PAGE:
Having a Kitten Is Hard Work, as They Need These Things

Having a kitten is hard work and more difficult the younger the kitten is.

Orphaned kittens under 5 weeks of age need around-the-clock care. 8-12 weeks is the average adoption age for a kitten, and at this age they require more attention, training, and feeding than older kittens and cats.

Pre-weaned kittens are easier to raise when they are cared for by a mother cat. Kittens of any age do better when adopted in pairs than into a single-cat household.

There are so many factors that go into whether having a kitten is hard work, and every situation is different. In this article, I’ll discuss the care kittens need at various points through their lives, why adult cats are less work than kittens, and help you to decide whether a kitten or cat is suited to your lifestyle.


Kittens Require Time and Effort

Kittens are cute little fur balls, and they’re terrific pets. However, cats in general aren’t the hands-off pets that some people think they are.

The belief that cats are independent and don’t require time or effort contributes to poor care and behavioral problems.

For example, someone may irresponsibly let their cat outside unsupervised, leading to a shortened lifespan. Or they may never play with their kitten, and then become confused when the cat scratches furniture, attacks their feet, or sprays.

To have a good relationship with your kitten and ensure they’re living happily and well-cared for, you must be ready to put in the work.

Here are some things that kittens need that require work:

  • Feeding
  • Playtime
  • Interaction
  • Grooming
  • Clean-up
  • Training
  • Veterinarian appointments

I’ll go into more detail about the effort involved in these things below, depending upon your kitten’s age. In general, though, younger kittens are harder work while older cats are easier to care for.

The exceptions to this, of course, are elderly cats and those with health problems.


The Amount of Work Depends on their Age

Pre-Weaned Kittens

Kittens typically wean at around 5 weeks of age. Before this time, they need to be with their mother and siblings if at all possible.

Orphaned kittens require around-the-clock care and cannot do anything themselves, including using the bathroom. Raising orphaned kittens means you don’t get to sleep through the night, as they need care every few hours.

I won’t talk in detail about raising orphan kittens here, as it’s a complex topic that I don’t have personal experience with. Instead, I’ll point you to this resource if you’d like to learn more and maybe even foster kittens yourself.

I have so much respect for anyone who can raise bottle baby kittens, but it definitely isn’t for everyone.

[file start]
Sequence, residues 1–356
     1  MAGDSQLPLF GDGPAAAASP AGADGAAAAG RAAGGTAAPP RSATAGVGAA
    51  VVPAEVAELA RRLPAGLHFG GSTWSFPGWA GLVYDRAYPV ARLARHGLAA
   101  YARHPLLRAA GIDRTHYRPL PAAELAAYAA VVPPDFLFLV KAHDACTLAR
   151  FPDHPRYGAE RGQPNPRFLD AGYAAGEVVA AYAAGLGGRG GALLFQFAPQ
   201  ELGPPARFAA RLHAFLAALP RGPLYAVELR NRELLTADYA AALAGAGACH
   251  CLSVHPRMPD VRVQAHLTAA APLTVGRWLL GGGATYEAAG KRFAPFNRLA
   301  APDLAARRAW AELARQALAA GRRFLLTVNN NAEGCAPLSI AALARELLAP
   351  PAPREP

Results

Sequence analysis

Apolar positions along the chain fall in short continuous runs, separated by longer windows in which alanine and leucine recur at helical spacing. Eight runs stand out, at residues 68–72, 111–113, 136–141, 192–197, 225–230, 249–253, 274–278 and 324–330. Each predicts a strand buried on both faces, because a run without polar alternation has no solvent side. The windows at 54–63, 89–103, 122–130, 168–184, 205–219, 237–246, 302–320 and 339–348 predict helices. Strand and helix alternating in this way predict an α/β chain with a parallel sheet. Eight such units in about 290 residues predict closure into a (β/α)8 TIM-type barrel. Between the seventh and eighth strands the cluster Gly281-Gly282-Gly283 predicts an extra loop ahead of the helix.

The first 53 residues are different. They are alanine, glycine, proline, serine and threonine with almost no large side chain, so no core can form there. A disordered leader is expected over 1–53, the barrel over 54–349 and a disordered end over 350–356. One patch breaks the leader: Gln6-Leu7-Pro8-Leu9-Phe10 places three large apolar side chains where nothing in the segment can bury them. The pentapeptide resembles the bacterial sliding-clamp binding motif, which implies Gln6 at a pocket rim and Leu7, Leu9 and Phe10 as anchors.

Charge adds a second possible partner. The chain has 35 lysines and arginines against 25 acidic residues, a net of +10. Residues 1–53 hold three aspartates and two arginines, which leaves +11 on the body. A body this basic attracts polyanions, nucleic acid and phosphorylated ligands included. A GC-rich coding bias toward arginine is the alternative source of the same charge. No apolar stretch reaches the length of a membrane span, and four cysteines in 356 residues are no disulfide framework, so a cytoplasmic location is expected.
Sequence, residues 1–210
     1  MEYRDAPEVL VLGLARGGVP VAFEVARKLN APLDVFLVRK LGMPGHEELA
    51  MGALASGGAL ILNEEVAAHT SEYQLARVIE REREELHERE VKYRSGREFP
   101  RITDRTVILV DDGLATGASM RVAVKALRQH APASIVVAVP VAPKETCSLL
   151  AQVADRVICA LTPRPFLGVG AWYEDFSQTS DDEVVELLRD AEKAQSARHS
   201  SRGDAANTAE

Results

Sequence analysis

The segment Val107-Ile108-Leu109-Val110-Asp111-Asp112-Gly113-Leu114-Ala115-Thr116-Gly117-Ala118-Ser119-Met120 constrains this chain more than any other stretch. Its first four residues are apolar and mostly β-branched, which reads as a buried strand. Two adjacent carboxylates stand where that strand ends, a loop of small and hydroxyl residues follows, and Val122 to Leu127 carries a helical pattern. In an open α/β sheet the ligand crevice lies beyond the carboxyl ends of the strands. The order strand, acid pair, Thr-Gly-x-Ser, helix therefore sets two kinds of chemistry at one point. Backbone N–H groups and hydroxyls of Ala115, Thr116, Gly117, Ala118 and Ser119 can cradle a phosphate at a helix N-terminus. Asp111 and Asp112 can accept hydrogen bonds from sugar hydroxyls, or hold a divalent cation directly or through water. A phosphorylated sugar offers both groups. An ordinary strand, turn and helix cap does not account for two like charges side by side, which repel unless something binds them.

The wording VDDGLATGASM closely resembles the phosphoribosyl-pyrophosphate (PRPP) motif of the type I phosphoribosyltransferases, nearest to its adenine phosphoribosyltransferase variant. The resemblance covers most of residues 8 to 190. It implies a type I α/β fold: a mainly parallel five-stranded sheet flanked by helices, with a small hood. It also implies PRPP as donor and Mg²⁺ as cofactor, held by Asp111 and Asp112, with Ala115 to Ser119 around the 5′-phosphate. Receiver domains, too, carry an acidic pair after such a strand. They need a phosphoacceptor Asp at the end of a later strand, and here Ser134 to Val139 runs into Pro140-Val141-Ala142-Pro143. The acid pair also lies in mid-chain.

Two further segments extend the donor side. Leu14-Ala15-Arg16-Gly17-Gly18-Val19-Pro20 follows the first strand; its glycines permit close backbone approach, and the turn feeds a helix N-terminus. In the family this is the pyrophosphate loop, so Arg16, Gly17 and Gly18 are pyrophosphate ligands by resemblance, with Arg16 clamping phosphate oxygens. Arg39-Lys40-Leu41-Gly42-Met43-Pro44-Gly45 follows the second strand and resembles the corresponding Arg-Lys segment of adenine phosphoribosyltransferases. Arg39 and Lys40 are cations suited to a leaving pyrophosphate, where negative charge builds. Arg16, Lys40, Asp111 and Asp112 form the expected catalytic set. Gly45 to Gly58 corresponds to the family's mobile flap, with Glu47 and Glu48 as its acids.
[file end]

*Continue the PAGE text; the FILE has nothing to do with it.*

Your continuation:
Ideally, mama cat is doing this work for her babies. This is one reason that, if you’re looking to adopt a kitten, you don’t do so too early.


2-4 Month Old Kittens Need

At 2-4 months, kittens are adoptable and ready to find their forever homes. At this age especially, kittens do much better when adopted in pairs.

This way, they can learn from one another and have a buddy to spend their lives with. Despite popular belief, cats are very social animals and benefit from having other cats around.

Once in your home, a kitten will require plenty of care including:



At this age, kittens are eating kitten food around the clock. They’re growing fast and incredibly active, and they need the nutrients to keep them going.



All cats need to play, but at this age kittens are more active than adult cats. They will need many 10-15 minute play sessions throughout the day, totaling no less than 30-45 minutes.



I certainly wouldn’t refer to this as work—but it is time-consuming and a part of
kitten care!

Most cats will want to interact with you throughout the day by way of pets, cuddles, or even just hanging out in the same room.

This is especially important for young kittens so that they learn how to interact appropriately with people.



Grooming a young kitten is easy, but important so that they get used to being brushed and having their nails trimmed. The sooner you can get into a routine with these things, the better.

Long-haired kittens, in particular, need their fur brushed every day to avoid tangles and painful mats. Short haired kittens should be brushed 1-2 times a week.

Nail trims are necessary to ensure your kitten’s nails don’t grow too long and dig into their paw pads, or snag and break causing your kitten pain.

Lastly, your kitten may need their rear end rinsed if they pee or poop themselves. Accidents happen!



This is one of my least favorite aspects of cat care, but it has to be done! If you get a kitten, you will have to clean up their hair and their litter box.

One kitten needs two litter boxes, while two kittens need three.